FLORENCE — Two months after narrowly voting to reject it, the Pinal County Board of Supervisors, sitting as the Pinal Public Health District board, voted to accept a $3.3 million grant to help bring COVID vaccines to the county’s underserved populations.
Board member Jeff McClure, R-Eagle Crest Ranch, reversed his earlier vote to help approve the “vaccine equity” grant 3-2 at Wednesday’s meeting. Board members Kevin Cavanaugh, R-Coolidge, and Jeff Serdy, R-Apache Junction, continued their “no” votes.
“I think it’s a waste of money to hire a vaccine equity coordinator … when we could do this much better on a local level,” Cavanaugh said. He asked Pinal Public Health Director Tascha Spears Wednesday if she was still opposed to Pinal County funding vaccine equity efforts itself, perhaps over three years, rather than accepting the grant.
Spears replied that the health department has “immediate needs and immediate requests,” but Cavanaugh’s idea was “certainly something that we can look at long-term.”
Board Vice Chairman Mike Goodman, R-San Tan Valley, asked Spears if this grant would “help you do what you need to do.” She replied, “Unequivocally, yes.”
Cavanaugh said that while he believes people should have the vaccine if they want it, he would vote against the grant “because I think it’s the wrong thing financially, logistically. I think us as a local government can move much more nimbly to help people get the vaccines, like our office did in District 1.”
He said when vaccines first became available, his office personnel were on the phone all the time helping people make appointments.
Cavanaugh voted no despite a “friendly amendment” he offered, which was accepted. His amendment stated the health department or its designees shall not assist the U.S. government in enforcing federal orders related to quarantine and isolation. If Pinal County learns of any such mandate, the health department will immediately notify the clerk of the board, who will schedule a special session to discuss action.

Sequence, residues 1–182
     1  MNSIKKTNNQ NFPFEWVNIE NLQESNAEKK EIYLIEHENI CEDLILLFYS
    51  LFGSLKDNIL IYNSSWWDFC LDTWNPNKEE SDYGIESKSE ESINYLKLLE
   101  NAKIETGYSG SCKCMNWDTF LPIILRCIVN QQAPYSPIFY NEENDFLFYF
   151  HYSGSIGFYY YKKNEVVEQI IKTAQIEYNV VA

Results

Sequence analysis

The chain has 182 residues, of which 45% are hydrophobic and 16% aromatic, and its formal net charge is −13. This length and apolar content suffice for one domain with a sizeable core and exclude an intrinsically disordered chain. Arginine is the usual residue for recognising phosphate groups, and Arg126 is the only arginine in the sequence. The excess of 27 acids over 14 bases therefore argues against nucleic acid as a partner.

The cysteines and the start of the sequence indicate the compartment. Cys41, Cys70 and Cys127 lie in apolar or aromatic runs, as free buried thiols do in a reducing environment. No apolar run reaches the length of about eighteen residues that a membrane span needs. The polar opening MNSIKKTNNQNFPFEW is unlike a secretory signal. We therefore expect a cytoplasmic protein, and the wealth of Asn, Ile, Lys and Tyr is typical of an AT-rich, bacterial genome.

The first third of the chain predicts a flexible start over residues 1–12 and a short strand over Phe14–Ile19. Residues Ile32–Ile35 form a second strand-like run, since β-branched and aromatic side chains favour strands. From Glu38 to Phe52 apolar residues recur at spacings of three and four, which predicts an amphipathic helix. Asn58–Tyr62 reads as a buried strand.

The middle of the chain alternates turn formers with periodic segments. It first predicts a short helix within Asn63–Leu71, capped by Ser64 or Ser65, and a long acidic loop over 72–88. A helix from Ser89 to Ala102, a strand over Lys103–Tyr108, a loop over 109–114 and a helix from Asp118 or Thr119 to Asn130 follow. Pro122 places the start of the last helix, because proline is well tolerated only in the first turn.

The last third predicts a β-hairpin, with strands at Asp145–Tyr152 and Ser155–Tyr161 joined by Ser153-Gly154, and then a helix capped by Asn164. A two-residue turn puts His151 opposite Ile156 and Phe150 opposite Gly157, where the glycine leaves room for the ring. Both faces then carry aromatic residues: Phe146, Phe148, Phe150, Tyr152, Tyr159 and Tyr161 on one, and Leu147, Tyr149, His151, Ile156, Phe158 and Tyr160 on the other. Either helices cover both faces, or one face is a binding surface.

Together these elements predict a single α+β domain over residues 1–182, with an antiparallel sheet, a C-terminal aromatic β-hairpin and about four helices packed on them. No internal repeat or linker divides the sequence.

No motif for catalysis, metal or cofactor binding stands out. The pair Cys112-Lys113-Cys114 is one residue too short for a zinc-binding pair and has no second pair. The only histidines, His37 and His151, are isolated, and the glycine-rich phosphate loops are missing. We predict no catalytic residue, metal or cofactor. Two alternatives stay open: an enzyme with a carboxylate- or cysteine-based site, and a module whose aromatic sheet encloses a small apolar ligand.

Pinal County Attorney Kent Volkmer told the board that if terms of the grant change and the board objects, the board may opt out of the grant with 30 days’ notice. The board would not have to repay any funds already properly spent, Volkmer said.
Volkmer said the grant does not require or force anyone to be vaccinated. “It’s not what this grant is about,” he said.
The grant first appeared to pass unanimously on a simple voice vote, until Serdy commented that “for the record, I didn’t vote. It’s still convoluted.” This led to a discussion of the board’s rules, and several minutes later a roll call vote, in which Serdy and Cavanaugh voted no.
The board had received six email comments from citizens in support of the grant, and a few other comments from speakers in-person opposed to it. An Oracle man said the grant is “based on a false COVID narrative” and is open for waste and abuse.
Luke Myers of Coolidge said it’s not about the money, which is relatively little in the county’s overall budget, but about principle. “We don’t need the vaccination pocket change.”
An Oracle woman said everyone already knows where to get the shot, and “we need to stop government overreach.”